The mold spores are found everywhere including black mold that forms on window frames while others are found on decaying food. One can end up exposed to mold almost everywhere, thus it is difficult to determine how much mold an individual is exposed to in daily life. Just like with dust allergens, mold allergy can be perennial while allergic individuals experience symptoms throughout the year, although the levels increase in autumn during wet, mild weather as well as the harvesting season.
Symptoms of mold allergy
Mold release spores that are responsible for triggering the allergic reactions. The spores are microscopic particles released by mold. Once spores get in contact with the skin and nasal membranes, they trigger symptoms such as itchy eyes, rhinitis, eczema and asthma. Well-known conditions such as Sauna-taker’s lung and Farmer’s lung are caused by mold allergy.
Suitable environment for mold
Mold favors musty, moist conditions, thus piles of grass cuttings, rotting leaves, garden sheds and compost heaps are suitable environments for mold growth. The indoor mold are usually found on food that is turning bad such as white or black fur found on cheese, fruit, bread and vegetables.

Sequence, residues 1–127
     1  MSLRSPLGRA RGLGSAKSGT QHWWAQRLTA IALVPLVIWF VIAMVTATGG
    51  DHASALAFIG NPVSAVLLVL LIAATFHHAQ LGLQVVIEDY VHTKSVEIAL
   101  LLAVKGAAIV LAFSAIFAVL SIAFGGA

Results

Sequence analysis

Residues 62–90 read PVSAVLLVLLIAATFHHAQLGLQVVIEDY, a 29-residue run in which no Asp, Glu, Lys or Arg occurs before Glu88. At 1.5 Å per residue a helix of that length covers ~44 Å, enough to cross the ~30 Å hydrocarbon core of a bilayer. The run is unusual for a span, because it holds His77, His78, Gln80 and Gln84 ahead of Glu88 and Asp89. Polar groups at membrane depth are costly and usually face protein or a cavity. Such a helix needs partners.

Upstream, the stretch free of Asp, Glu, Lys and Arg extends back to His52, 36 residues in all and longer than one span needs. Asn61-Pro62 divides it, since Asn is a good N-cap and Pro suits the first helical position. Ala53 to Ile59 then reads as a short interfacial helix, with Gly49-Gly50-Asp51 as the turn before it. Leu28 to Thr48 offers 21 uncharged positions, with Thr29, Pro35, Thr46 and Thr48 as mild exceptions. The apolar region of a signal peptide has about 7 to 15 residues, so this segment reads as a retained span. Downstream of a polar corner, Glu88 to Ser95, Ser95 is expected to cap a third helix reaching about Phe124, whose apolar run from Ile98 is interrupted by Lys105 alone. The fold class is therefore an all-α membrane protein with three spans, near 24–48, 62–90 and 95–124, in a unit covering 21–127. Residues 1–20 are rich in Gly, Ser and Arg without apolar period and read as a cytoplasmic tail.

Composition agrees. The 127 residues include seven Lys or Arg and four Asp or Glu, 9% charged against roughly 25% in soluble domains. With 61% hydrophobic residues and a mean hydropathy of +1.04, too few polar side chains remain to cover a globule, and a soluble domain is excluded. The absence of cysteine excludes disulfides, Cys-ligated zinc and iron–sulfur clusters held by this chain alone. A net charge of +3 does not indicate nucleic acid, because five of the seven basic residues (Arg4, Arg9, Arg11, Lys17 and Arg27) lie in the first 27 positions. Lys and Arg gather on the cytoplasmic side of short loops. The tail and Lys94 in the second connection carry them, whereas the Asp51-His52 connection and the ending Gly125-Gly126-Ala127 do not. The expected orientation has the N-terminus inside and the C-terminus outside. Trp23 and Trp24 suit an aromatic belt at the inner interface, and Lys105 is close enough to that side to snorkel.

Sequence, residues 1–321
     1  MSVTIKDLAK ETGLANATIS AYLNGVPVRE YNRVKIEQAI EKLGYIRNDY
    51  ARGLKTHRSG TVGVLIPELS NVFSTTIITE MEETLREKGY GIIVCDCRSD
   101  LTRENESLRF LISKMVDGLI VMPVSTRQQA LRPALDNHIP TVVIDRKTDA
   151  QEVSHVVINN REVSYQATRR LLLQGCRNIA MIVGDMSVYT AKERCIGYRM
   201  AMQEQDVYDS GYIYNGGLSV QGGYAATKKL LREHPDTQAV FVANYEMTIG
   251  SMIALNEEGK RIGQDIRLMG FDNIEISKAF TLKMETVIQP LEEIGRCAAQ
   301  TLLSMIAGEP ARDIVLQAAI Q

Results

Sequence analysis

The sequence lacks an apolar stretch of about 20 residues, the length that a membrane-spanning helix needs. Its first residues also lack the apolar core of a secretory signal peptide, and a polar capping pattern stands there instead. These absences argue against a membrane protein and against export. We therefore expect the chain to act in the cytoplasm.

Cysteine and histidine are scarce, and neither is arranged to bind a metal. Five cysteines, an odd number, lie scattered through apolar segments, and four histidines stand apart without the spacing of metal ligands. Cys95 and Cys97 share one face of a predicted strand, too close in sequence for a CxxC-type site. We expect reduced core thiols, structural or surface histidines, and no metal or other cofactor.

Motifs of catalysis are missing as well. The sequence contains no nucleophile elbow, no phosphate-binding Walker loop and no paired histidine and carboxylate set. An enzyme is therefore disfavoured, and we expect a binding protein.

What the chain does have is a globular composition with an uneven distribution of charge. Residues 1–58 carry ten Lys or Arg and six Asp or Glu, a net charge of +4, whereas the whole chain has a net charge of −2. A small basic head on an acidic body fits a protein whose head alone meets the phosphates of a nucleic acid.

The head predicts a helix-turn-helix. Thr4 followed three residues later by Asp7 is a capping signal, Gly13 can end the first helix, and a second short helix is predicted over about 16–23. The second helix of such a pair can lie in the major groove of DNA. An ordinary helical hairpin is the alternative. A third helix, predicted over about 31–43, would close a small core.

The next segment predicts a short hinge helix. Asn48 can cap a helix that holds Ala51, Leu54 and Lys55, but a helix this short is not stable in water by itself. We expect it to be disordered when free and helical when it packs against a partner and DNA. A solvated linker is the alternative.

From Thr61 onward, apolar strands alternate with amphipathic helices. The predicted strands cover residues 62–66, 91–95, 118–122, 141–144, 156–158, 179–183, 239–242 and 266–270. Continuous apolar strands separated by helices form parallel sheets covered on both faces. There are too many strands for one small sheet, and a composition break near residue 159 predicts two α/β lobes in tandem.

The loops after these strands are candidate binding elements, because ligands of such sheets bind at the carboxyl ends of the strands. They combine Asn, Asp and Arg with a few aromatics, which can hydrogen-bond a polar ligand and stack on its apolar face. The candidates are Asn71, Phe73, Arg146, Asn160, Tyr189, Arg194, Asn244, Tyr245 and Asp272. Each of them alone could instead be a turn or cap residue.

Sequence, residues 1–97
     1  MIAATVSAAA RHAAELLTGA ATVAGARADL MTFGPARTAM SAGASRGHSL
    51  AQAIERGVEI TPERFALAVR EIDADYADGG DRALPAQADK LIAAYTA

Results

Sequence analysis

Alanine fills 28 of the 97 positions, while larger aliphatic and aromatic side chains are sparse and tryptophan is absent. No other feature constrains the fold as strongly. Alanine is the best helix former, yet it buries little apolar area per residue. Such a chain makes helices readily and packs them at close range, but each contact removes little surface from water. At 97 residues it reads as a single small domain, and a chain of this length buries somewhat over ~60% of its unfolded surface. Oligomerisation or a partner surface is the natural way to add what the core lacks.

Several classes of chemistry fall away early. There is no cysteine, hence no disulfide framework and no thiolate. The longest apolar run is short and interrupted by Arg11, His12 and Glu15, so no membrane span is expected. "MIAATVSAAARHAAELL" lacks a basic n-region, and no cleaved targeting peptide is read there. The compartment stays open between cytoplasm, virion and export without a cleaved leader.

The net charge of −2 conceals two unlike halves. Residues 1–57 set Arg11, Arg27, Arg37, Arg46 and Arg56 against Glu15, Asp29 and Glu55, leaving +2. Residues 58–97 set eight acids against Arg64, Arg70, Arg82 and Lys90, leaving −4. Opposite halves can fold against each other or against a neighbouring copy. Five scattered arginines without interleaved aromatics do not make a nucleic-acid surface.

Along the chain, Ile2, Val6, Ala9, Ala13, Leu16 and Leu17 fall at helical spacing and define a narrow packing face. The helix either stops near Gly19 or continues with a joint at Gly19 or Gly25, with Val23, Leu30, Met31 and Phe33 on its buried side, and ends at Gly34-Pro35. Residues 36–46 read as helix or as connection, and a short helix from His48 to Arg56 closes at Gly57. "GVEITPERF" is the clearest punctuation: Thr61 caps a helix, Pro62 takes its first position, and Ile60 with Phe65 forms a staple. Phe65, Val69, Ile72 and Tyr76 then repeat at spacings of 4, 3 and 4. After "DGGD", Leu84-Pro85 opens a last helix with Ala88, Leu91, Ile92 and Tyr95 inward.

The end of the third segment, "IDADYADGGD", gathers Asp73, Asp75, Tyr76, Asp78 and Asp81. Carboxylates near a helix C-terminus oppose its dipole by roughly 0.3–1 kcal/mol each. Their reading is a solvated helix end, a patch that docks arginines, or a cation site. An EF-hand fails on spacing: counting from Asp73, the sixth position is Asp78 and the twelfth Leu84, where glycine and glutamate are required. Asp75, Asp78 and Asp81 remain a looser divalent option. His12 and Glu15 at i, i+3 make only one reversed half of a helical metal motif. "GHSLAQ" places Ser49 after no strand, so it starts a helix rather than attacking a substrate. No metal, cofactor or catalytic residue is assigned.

Always bear in mind that the refrigerator is the ideal mold environment if not properly cleaned and dried, especially around the seal. Other types of mold are found on window frames, particularly when there is a lot of condensation on the windows, soil of house plants and under wallpaper. In addition, the damp environment caused by baths, tumble dryers and showers makes bathrooms and kitchens high-risk areas.
The molds that are typically linked with daily living are usually present most of the year and in similar areas. The common types of mold include the following:
- Penicillium notatum is widely distributed in soil and can also be isolated from decaying leaves and vegetables. It is also found on stored cereals and hay. When indoors, the green-blue mold is present on stale breads, nuts and fruits. The mold is present all year round but its concentrations can reach the peak during spring and winter.
- Cladosporium herbarum is usually present in the air and increases in amount in spring and peak in late summer and autumn. This type of mold is frequently found on foodstuffs, dirty refrigerators, straw, window frames, low damp areas and houses with poor ventilation.
- Alternaria alternate is found in foodstuffs, soil and textiles. The usual habitat for this mold includes composts, rotten wood, forest plants and nests of birds. The black spots on tomatoes and other foods are linked to this mold.
- Aspergillus fumigatus is found in leaf, soil, plant litter, decaying roots and vegetables, tobacco, bird droppings and stored sweet potatoes. Unlike with other mold, the concentration of spores in the air is relatively low. Take note that this mold is often linked with asthma, bronchitis and conditions such as Farmer’s lung.
- Trichophyton rubrum and pityrosporum orbicculare are yeasts that thrive inside the skin in certain types of eczema.